January 14th, 2010
Earlier this evening I was making mashed potato as I am sometimes known to do. After boiling the potato until ripe and tender I prepared the items for the next stage: milk, salt, pepper, and the all important masher. What else? Butter, of course! The most vital ingredient. No butter in the butter hopper. Hmm. More butter must be fetched from the fridge and placed in the hopper! THERE IS NO BUTTER IN THE FRIDGE!!! Woe! Misery! I am struck with a feeling of utter desolation.
After picking myself up off the floor and calming my trembling nerves with a cool glass of milk I consider carefully what must be done. Evidently the process cannot proceed in the established “butter cloud” fashion. I could spend the night in hunger repenting that I forgot to stock up on butter at Tesco. Instead I decide to make an alarming new addition to my mashed potato recipe – after all, it couldn’t get much worse. The new ingredient: MUSTARD! I added two teaspoons of English mustard and proceeded as normal.
Results were unexpectedly good! The mustard adds a nice mustardy flavour which goes well with sausages and helps to disguise the lack of butter flavour. I may have to consider adding a little mustard more regularly. The yellow mustard colour also gives the potato a rather appealing garish yellow hue which certainly brightened up my dinner.
So, all things considered, it could have ended much worse. Still, as renowned pizza oven once remarked, “a little bit of butter makes it good!”.
January 11th, 2010
I’ve just suffered my fourth washing machine malfunction in 12 months. Why does this keep happening to me!!! :(
Here is a brief recap:
- The first washing machine had some sort of problem where it would chew up its insides and spit them out over the clothes. This was replaced but then…
- The new washing machine refused to spin after a few months. The cause of this problem was the legendary Carbon Brushes.
- Some time passed. I moved house. But then I was struck with a terrible internal leakage problem. This turned out to be a lime scale accumulation on the inlet valve.
I thought I was safe. The washing machine was working. My clothes were clean and fresh. But then when I least expected it the washing machine just stopped mid cycle. After some analysis I found that it had not only stopped but tripped the circuit breaker. Furthermore, the machine now trips the circuit breaker the instant it’s turned on. Hmm. The engineer is coming on Friday but even if he fixes it I doubt it will last long until the next disaster.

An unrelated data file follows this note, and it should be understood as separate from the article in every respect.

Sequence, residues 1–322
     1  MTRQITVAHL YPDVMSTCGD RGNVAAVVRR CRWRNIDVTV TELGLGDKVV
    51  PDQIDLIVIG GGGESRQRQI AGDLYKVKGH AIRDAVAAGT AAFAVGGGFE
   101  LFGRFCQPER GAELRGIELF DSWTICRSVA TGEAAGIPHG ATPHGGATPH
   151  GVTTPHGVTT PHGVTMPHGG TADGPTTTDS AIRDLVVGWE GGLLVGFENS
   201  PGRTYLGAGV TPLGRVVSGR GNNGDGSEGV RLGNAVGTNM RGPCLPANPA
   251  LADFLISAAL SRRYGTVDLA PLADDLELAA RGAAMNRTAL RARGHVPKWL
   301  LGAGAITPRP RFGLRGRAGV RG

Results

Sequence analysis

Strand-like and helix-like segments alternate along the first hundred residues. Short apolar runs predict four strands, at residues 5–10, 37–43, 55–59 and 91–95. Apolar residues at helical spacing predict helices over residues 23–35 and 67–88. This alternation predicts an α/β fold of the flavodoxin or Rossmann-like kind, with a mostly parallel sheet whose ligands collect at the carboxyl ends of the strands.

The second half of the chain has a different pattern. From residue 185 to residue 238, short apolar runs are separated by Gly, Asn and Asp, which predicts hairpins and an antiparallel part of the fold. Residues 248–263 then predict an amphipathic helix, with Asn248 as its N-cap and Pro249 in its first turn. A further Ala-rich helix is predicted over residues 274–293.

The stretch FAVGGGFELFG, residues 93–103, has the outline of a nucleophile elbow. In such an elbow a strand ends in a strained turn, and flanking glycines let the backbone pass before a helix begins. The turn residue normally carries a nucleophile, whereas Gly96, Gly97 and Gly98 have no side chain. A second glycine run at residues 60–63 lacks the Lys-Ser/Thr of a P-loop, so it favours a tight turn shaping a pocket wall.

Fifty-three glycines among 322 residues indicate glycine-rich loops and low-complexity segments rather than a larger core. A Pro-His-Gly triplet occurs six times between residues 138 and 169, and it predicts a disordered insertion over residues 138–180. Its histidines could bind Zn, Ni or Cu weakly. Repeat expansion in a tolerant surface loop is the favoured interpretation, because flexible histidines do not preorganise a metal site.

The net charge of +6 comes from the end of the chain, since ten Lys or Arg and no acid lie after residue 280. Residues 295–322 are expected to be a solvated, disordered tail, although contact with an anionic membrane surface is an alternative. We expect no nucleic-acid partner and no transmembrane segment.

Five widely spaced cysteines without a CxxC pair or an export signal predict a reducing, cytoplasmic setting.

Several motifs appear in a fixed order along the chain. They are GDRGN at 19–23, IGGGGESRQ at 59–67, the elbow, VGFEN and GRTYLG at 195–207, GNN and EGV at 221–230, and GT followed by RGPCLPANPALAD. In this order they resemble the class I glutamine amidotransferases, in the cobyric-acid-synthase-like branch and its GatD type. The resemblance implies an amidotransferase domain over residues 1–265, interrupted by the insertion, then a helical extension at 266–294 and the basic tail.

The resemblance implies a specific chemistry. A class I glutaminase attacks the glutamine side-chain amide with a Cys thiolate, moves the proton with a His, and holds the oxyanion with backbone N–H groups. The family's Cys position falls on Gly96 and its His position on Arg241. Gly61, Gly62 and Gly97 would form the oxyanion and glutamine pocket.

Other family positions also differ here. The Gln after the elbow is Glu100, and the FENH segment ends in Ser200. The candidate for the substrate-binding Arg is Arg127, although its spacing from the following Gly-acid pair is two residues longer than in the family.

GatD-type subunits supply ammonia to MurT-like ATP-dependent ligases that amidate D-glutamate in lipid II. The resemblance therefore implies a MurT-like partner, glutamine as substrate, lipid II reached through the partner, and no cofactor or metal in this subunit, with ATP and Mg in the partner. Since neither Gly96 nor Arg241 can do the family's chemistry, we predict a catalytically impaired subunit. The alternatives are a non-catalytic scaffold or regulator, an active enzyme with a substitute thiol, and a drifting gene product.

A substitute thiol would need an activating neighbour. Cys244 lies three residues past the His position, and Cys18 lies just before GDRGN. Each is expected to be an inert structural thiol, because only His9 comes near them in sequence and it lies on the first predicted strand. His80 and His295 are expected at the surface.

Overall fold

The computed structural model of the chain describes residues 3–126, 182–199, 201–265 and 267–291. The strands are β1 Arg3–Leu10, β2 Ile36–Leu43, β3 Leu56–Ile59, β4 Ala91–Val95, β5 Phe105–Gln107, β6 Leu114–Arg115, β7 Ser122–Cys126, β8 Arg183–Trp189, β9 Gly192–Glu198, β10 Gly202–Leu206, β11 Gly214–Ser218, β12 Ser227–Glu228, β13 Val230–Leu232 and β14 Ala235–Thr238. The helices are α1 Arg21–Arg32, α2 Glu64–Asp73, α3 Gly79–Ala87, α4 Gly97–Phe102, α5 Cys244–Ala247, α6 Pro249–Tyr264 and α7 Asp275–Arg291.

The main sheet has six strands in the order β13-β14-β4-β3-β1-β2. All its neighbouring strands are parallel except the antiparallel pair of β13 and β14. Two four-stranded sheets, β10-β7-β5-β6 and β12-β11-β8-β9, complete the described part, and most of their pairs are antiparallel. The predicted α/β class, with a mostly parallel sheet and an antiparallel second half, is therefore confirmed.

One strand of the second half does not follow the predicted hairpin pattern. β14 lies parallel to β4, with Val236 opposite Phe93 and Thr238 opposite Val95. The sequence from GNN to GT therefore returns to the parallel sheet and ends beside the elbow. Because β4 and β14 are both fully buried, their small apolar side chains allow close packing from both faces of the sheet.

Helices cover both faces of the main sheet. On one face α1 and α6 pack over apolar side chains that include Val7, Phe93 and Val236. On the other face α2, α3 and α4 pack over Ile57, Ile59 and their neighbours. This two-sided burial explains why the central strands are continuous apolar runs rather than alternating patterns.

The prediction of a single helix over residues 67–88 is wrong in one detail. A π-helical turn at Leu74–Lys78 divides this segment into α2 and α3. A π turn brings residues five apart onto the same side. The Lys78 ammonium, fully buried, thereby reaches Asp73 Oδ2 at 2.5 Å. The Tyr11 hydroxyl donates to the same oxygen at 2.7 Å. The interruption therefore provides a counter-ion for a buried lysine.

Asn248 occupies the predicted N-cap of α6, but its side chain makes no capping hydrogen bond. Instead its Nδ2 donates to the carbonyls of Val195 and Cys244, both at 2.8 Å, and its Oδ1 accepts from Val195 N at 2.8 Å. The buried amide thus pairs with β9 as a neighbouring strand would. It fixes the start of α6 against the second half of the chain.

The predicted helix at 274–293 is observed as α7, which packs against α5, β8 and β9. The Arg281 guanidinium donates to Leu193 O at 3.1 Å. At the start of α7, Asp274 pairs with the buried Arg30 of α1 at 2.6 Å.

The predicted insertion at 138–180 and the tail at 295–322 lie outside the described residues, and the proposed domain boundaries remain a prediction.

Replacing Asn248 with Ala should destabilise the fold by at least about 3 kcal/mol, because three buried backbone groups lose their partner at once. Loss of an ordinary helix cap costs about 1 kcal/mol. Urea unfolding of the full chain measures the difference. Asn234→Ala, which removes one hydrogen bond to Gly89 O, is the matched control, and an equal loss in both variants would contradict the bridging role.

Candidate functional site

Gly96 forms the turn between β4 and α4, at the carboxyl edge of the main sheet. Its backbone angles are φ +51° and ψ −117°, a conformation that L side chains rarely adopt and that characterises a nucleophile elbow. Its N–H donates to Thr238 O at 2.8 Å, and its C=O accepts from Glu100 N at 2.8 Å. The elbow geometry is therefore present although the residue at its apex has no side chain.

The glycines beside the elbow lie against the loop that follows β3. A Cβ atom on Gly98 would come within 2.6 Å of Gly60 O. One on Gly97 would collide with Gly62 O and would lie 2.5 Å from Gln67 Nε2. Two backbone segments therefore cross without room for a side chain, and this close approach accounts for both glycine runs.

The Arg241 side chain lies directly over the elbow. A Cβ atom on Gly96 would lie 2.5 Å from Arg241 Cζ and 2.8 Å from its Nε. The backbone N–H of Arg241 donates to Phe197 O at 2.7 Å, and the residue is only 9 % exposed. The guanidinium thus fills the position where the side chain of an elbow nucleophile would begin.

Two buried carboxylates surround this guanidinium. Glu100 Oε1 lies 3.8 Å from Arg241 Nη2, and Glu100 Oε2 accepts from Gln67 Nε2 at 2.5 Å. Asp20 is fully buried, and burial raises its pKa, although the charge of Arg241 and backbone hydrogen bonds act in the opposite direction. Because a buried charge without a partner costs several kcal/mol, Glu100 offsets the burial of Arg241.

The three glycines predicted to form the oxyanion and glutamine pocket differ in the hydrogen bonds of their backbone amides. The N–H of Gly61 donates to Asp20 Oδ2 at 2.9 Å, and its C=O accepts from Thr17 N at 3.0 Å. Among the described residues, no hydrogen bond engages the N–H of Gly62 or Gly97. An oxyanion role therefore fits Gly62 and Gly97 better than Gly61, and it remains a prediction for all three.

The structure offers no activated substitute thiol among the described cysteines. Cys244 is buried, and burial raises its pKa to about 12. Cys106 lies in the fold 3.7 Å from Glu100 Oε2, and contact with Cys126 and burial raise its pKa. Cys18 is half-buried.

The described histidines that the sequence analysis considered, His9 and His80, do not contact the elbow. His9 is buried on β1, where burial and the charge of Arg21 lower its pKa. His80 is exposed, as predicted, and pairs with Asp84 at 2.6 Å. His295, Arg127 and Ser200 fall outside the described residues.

With what sort of frequency do other people experience washing machine malfunctions??
UPDATE: Apparently the washing machine was completely borked: carbon brushes, bearings, and some other component were completely worn out. New washing machine being delivered this morning… wonder how long it will last.
November 15th, 2009
My washing machine has developed an unfortunate fault where the drum will slowly fill up with water at the rate of about one inch per eight hours. This happens even when the machine is switched off. There doesn’t seem to be anything wrong with the mechanism as it will happily drain away again when it’s switched on.
In my experience most washing machine problems are the fault of the carbon brushes, and one must only replace these and everything will be fixed. However, I am suspicious that this fault may be caused by a “loose valve” and the carbon brushes are largely innocent since I can hear a steady dripping even when the machine is turned off. This discovery of this new component has shaken my previously solid understanding of washing machine design.
Maybe it’s time to call the landlord…
UPDATE: The engineer is here, fixing in progress
UPDATE2: The engineer is gone and claims fixed. Apparently the problem was a “pin” in the three-way cold water inlet valve had become lime scaled and broke. Hard water is apparently a problem in these parts. So there you go.